(San Francisco Chronicle – Aug. 23, 2018)
There will be a solemn ceremony at noon on Saturday at Heroes Grove, the site of a nearly forgotten monument in Golden Gate Park, to honor 761 San Franciscans who died in the war to end all wars a century ago.
The monument is an 18-ton granite stone carved with the names of 748 men and 13 women from San Francisco who died in World War I. The site, called the Grove of Heroes, is surrounded by redwood trees and reached by an unmarked trail near the park entrance at 10th Avenue and Fulton Street.
“It is a very beautiful place, a quiet spot where you could come and reflect,” said retired Marine Corps Maj. Gen. J. Michael Myatt, chair of San Francisco’s World War I Centennial commemoration.
Heroes Grove was dedicated with great fanfare in 1932 by the Gold Star Mothers of San Francisco, women who had lost sons and daughters in the war.
“The city they called home has not forgotten their sacrifice,” The Chronicle wrote at the time.
Thousands of San Franciscans served in the Great War, which the United States entered in April 1917. Many of them were members of the 363rd Infantry Regiment — called San Francisco’s Own — which served in combat in France in 1918.
The war ended in an armistice on Nov. 11, 1918, and there was a huge parade up Market Street from the Ferry Building when the 363rd returned home in 1919.
The ceremonies also will include the dedication of a large memorial seating rock to honor those who lost their lives in all wars and a commemoration of Army Cpl. Timothy Shea, a Sonoma resident who was killed in an ambush in Iraq on Aug. 25, 2005. He was 22 when he died.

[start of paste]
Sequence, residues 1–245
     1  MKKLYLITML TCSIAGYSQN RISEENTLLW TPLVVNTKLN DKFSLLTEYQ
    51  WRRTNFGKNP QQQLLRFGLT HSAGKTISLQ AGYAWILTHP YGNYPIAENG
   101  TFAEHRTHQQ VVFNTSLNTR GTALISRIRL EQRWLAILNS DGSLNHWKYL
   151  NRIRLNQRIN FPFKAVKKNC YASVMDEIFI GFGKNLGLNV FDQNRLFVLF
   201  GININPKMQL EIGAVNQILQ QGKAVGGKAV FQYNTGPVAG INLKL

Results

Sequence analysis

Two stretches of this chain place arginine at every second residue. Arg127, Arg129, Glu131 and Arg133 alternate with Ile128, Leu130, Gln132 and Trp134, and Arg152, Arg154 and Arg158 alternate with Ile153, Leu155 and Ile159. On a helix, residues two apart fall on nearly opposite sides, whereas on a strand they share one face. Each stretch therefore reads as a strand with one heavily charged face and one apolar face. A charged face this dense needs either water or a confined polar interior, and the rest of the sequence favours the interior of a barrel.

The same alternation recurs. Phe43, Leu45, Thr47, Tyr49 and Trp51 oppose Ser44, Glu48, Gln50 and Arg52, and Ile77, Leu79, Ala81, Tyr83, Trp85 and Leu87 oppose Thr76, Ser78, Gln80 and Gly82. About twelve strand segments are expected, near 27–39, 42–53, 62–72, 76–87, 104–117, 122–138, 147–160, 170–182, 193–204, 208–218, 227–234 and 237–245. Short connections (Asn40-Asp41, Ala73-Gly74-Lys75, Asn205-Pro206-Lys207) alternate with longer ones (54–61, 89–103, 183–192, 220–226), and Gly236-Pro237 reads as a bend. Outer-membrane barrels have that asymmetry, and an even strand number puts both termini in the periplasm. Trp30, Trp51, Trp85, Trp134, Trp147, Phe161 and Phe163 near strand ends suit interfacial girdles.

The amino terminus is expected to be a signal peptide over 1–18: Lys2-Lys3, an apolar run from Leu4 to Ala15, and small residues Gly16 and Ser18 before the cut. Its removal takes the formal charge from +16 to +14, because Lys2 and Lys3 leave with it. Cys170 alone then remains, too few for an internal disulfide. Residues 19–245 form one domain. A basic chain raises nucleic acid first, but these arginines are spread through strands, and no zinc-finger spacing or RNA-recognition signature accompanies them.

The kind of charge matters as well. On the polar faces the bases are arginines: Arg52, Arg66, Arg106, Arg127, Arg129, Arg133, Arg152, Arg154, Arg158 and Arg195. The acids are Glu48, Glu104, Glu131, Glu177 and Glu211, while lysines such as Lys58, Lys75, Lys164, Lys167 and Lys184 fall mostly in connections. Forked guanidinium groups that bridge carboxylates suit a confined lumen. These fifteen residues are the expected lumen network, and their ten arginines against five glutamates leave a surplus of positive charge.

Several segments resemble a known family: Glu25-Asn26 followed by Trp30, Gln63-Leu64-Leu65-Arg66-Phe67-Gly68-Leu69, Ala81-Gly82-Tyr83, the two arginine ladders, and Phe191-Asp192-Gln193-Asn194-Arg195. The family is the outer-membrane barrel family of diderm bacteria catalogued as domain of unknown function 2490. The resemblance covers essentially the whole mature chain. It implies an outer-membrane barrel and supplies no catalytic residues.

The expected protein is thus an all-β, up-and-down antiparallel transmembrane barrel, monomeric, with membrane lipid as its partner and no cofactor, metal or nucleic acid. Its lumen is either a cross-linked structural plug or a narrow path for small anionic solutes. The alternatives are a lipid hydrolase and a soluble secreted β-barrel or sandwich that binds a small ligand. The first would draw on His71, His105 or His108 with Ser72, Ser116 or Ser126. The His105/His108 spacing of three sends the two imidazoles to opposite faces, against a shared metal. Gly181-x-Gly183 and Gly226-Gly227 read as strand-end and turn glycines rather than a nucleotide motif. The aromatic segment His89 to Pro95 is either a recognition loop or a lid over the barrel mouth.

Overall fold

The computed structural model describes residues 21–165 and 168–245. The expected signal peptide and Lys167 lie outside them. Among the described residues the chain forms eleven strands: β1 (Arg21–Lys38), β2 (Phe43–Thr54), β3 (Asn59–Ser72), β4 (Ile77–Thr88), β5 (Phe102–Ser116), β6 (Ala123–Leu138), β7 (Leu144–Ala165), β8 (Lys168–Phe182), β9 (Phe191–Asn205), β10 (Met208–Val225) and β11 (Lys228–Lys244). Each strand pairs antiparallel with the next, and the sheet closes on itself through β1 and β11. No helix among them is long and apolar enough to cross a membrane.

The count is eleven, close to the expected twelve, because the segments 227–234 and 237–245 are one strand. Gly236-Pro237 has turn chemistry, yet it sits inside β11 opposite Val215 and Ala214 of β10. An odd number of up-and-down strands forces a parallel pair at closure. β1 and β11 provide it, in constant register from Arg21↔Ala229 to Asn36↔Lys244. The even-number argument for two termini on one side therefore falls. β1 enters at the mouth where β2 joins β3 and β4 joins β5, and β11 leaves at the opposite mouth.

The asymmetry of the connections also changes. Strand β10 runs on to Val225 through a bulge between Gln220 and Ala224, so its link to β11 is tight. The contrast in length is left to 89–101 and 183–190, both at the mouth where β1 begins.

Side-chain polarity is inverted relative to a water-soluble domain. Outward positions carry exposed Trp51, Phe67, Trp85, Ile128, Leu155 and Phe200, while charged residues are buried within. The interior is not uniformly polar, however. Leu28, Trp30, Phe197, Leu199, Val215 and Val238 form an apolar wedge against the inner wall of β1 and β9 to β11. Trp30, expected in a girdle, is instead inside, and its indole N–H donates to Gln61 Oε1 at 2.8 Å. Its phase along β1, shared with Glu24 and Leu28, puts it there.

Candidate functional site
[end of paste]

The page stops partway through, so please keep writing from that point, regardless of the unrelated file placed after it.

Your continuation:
His mother, Mary Shea, will read a poem in his honor.
Eventually, Myatt said, the Gold Star Parents and the city’s Recreation and Park Commission hope to add other commemorative rocks around the large World War I monument.
A group of volunteers will clean up the area around the Heroes Grove before Saturday’s event. The grove is not untidy; it is merely neglected and mostly forgotten. Even Myatt, who has been active in veterans affairs in San Francisco for years, had not heard of Heroes Grove until it was brought to his attention this year.
It is a quiet corner of the park, with a small trail and some underbrush surrounded by redwood trees, like a glen in the forest. Josefine Roth was there the other morning with her 2-year-old daughter, Georgia. The little girl ran her fingers over the names on the monument, but her mother said she herself didn’t know what the monument represented.
She said it was a favorite place to go for a walk in the park, quiet and peaceful.